During the second week of May 1989 someone fired a gun shot at his auto when on the on-ramp to the highway via Charleston Boulevard. The shot deflated a tire; two drivers sped away.


John Lear and Gene Huff laid-out a rescue for Lazar: More exposure on the George Knapp ABC affiliated TV show. They chose John Lear to appear with no fanfare. Lazar was to appear in silhouette and use a pseudonym of “Dennis” in their broadcast of May 14, 1989.

Dennis called Lazar and made a vague threat, and he later called again to say that a “personal level” interview was needed. It would be a Las Vegas Casino appointment on a Saturday. Gene Huff and a Joe Vaninerri were to be watchmen of the meeting. Lazar saw Dennis and demanded to know “what this was all about”---and Dennis disappeared into the crowd.

Lazard’s friends discussed the events as only an interlude. The S4 surveillance teams seemed to have disappeared.

“I’d lost one wife to disease and now a second one to work and infidelity,” says Lazar. “No matter how strong you think you are mentally, or how amicable the partner, a divorce preys on your sense of self and self-worth.”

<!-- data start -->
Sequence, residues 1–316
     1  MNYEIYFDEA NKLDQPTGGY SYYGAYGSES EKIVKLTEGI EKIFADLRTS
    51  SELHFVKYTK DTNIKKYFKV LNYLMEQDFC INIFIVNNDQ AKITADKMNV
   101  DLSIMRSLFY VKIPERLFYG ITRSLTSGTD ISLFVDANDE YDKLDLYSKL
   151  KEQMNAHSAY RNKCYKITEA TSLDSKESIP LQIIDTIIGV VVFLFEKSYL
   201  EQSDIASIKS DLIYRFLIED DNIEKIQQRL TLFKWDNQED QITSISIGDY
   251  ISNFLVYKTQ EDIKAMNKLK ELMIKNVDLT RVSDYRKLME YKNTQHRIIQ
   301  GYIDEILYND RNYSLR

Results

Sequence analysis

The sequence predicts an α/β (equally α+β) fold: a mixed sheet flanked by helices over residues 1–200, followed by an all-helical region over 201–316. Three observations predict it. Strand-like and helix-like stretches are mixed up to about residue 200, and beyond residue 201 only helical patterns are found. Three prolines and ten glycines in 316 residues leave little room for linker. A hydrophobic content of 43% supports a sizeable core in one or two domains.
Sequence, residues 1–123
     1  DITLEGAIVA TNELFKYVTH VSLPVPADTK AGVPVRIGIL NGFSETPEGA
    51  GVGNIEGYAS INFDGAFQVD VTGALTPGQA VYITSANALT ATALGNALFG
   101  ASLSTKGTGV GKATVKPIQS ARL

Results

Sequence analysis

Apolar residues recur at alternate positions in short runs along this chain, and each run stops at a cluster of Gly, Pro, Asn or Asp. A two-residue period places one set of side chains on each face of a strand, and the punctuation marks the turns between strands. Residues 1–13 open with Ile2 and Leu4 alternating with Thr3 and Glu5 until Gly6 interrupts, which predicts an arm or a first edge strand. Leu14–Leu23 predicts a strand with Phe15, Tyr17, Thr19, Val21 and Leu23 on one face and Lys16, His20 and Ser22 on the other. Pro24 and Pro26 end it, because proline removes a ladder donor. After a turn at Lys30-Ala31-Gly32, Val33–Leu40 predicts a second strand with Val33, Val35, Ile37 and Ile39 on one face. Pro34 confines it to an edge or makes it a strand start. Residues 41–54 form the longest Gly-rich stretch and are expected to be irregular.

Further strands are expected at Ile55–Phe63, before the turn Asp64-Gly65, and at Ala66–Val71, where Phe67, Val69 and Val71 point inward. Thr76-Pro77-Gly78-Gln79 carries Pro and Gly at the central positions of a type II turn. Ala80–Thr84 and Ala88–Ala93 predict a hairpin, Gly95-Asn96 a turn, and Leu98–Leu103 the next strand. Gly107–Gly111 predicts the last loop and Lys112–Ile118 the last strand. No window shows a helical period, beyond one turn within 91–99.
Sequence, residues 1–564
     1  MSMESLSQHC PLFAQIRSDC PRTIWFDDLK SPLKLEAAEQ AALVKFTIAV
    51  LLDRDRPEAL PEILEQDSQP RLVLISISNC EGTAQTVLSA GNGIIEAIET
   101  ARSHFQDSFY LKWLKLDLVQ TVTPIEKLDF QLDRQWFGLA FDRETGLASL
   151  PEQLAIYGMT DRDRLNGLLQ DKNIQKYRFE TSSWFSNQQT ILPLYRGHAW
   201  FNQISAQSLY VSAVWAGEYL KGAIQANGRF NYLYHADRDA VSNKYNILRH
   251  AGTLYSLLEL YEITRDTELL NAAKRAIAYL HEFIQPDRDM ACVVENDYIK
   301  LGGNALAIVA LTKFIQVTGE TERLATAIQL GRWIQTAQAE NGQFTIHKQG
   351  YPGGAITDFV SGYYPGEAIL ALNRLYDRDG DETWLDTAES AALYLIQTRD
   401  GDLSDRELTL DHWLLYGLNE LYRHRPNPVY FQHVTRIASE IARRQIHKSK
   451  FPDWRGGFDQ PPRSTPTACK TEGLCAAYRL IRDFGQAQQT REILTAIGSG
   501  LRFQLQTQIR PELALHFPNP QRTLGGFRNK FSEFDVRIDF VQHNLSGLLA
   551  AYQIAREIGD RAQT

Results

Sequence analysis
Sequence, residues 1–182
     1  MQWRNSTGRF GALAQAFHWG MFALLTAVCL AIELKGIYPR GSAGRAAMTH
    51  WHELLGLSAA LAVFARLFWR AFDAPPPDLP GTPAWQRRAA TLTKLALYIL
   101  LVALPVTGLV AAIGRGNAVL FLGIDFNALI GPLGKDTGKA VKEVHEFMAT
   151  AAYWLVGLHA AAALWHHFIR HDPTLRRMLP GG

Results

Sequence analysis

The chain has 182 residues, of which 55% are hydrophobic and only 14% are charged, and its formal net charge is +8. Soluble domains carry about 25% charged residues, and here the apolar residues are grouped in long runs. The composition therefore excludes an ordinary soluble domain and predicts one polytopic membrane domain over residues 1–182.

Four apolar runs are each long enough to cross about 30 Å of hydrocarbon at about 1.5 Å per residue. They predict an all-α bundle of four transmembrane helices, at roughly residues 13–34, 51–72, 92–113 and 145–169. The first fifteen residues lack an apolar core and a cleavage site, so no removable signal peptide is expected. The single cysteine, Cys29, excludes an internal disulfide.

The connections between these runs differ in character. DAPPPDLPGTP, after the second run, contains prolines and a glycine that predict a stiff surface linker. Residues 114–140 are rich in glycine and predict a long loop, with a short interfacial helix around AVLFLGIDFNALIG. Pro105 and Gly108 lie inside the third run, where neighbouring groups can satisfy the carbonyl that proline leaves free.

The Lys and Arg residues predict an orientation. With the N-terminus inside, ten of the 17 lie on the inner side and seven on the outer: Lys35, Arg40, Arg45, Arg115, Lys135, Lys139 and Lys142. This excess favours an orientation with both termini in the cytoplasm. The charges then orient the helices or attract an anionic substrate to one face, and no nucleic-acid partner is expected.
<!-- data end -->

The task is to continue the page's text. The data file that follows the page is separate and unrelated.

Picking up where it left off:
George Knapp set-up another TV session for Memorial Day 1984.

“As far me, I picked up the pieces eventually,” says Lazar. “Over the long haul, things did get better. I’ve spoken a few times at conferences and done some interviews. I’ve had Hollywood film and TV producers contact me. In the scripts they had written they tried to show me as an Action Hero, leaping onto the hoods of cars escaping the bad guys. I’m no Action Hero. If I wasn’t then, I’m certainly not one now. I’m no kind of hero.”

Wednesday, May 31, 2023